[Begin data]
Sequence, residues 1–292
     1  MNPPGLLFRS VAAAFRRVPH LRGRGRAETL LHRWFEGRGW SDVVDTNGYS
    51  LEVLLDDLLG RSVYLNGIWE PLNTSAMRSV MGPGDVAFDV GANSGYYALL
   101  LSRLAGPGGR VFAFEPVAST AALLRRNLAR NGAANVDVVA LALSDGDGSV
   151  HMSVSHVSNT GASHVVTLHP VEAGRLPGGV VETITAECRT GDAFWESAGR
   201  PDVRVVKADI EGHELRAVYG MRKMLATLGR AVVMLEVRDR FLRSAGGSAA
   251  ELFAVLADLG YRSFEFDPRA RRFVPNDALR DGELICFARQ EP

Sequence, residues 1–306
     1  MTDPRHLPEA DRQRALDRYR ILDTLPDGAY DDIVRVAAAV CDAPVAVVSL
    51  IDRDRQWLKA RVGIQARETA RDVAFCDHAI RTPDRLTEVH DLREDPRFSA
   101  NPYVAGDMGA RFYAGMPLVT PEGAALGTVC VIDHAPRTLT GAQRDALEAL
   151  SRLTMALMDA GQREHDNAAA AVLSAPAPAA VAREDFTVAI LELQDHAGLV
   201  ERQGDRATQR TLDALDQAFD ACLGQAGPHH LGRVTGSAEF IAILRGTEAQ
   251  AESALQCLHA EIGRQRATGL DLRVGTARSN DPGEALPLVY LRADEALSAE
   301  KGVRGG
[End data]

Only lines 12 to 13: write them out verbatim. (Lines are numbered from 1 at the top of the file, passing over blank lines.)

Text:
   151  SRLTMALMDA GQREHDNAAA AVLSAPAPAA VAREDFTVAI LELQDHAGLV
   201  ERQGDRATQR TLDALDQAFD ACLGQAGPHH LGRVTGSAEF IAILRGTEAQ